Being and Meaning for Children
MUCH of Robert Coles's life has been spent talking with children in an effort to understand their thinking and feelings. ``The Spiritual Life of Children,'' like his many earlier volumes, demonstrates his skill at this work. The conversations that fill these pages are almost invariably intriguing, often startling. They exhibit a clarity of faith, and sometimes an honesty of inquiry and doubt, that challenges the adult world's pieties and recalls the words of Isaiah, ``and a little child shall lead them.''
Eleven-year-old Haroon, a Pakistani boy growing up in London, ends a talk with Coles by assuring him, ``I will pray to Allah that you and I find the right answers.'' The questions Coles asks his young friends are zingers - probing the nature of the God they worship, how He can be watching over everyone at once, how they pray, and what it means to them.
Anne, another 11-year-old, reared in a conservative Roman Catholic family in a inner suburb of Boston, describes how her favorite Biblical text, ``I am the light of the world,'' helped her during a bout with poison ivy. ``I felt warm inside. I felt at peace with myself. I was waiting for the poison ivy to start up again, but I just didn't care. I smiled at the thought of it; I almost dared it to get the better of me. I guess God's words had taught me - for a while! - what's important and what isn't.''
Most of the children in Coles's book seem to have an extraordinary sense of the importance of their faith in a power, a Being, that transcends the everyday and tangible. They have an equally strong sense of the need to connect that power to everyday life.
Are these kids - whether in London, New Mexico, Israel, or Boston - really typical? Probably not. The author, after all, sought out children who clearly had a ``spiritual life.'' The ones whose faith was deepest are the ones he spent the most time with. But one gets the impression, indelibly, that what Coles is exploring is not an isolated phenomenon but a universal inclination.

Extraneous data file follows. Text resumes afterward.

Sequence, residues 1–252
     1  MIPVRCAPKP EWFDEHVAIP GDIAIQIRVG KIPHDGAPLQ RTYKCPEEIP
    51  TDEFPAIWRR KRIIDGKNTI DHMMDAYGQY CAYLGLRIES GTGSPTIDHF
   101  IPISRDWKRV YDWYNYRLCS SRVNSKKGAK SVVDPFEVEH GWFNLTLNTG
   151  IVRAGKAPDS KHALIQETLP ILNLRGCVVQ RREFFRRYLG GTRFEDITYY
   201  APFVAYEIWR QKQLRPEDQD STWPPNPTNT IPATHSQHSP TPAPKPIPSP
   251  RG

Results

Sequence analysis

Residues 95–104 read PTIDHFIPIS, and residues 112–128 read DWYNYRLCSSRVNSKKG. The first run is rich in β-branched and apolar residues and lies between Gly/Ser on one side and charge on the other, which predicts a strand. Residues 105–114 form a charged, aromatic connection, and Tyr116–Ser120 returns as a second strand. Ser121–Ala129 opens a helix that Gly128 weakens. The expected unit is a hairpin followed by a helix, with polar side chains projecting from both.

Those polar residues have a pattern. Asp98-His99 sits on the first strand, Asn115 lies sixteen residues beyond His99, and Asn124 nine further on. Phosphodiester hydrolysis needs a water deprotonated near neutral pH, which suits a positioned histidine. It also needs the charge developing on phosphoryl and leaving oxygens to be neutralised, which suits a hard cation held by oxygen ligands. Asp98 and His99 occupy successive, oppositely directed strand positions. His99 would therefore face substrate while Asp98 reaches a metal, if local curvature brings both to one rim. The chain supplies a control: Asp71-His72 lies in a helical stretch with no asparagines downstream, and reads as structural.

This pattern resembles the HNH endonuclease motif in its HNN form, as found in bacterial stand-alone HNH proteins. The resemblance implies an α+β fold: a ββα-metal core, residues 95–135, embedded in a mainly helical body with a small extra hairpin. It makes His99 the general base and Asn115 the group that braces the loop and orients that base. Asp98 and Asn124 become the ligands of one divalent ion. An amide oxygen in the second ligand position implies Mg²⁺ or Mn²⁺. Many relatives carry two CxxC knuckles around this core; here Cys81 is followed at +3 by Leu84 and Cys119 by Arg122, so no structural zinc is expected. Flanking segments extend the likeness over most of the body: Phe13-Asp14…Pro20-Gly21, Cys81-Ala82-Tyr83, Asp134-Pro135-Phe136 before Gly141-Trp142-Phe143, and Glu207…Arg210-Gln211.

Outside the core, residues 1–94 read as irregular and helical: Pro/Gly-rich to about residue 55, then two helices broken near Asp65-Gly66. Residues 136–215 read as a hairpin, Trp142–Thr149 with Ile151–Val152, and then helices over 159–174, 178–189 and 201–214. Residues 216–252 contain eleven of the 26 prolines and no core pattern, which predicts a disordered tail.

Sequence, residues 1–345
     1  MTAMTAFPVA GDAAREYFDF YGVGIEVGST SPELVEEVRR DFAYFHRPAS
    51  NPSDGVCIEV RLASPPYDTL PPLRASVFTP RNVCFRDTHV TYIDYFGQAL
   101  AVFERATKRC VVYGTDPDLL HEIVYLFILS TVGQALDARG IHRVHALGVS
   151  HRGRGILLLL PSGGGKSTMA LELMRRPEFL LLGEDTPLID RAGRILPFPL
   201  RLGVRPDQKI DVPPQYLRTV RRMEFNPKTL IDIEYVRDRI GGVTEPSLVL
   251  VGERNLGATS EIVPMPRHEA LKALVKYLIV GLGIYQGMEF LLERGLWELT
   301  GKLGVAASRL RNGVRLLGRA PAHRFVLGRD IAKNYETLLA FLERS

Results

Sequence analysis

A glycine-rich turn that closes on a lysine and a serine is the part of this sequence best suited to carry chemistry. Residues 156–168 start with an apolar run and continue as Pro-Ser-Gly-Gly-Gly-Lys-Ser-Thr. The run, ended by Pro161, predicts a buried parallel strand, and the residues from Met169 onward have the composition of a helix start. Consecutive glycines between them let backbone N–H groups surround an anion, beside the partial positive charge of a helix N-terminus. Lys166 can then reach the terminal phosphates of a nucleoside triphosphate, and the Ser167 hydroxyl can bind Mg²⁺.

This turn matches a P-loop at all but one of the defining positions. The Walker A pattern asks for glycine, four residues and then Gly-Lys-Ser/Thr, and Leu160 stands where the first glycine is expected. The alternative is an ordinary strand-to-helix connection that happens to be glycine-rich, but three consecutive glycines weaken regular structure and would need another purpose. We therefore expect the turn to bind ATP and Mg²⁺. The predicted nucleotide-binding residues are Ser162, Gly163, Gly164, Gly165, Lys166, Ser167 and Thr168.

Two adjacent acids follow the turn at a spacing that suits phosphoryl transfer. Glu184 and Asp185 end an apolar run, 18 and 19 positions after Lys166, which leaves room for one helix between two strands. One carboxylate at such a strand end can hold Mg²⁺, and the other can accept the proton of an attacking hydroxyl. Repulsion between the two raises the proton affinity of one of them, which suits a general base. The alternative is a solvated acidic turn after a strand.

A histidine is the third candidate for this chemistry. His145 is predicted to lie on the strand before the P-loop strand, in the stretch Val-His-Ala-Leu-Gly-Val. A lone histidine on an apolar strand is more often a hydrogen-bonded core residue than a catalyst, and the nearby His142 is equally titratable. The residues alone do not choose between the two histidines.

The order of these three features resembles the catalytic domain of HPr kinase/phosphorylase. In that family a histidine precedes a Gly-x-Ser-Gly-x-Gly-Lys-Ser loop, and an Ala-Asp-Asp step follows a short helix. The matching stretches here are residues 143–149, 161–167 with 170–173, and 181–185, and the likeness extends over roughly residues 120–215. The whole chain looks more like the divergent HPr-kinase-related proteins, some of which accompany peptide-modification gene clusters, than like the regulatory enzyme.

Take, for example, the classroom full of poor children in Lawrence, Mass., that explodes in conversation when one boy ventures his searching question about how God decides who stays on earth and who leaves. These youngsters, whose family circumstances are difficult, debate God's ``record keeping'' of their lives, the merits of priests and ministers, genuine prayer versus ``forced'' prayer - subjects that would tax any adult.
Such outpourings are epiphanies of sorts for Coles, whether they occur in groups or one to one. He waits for them, practicing the patient listening he's been perfecting for three decades or more. His task, Coles affirms early on, is to let the children teach him. He's a psychiatrist, a medical practitioner, but one who is acutely aware of the limitations of his craft. He comments, time and again, on his self-consciousness, even shame, in falling too easily into the analyst's habits and queries.
Coles knows the inadequacy of those tools to the task at hand in this book: understanding how the least-burdened minds grasp, embrace, or wrestle with a realm - the spiritual or divine - where doctrinaire assumptions rarely apply. Some readers may tire of Coles's recounting of methodology and of his antecedents as a researcher. But even these passages help give the book context.
Those engaged in their own daily effort to understand God's purpose for man will find Robert Coles's young friends good, edifying company.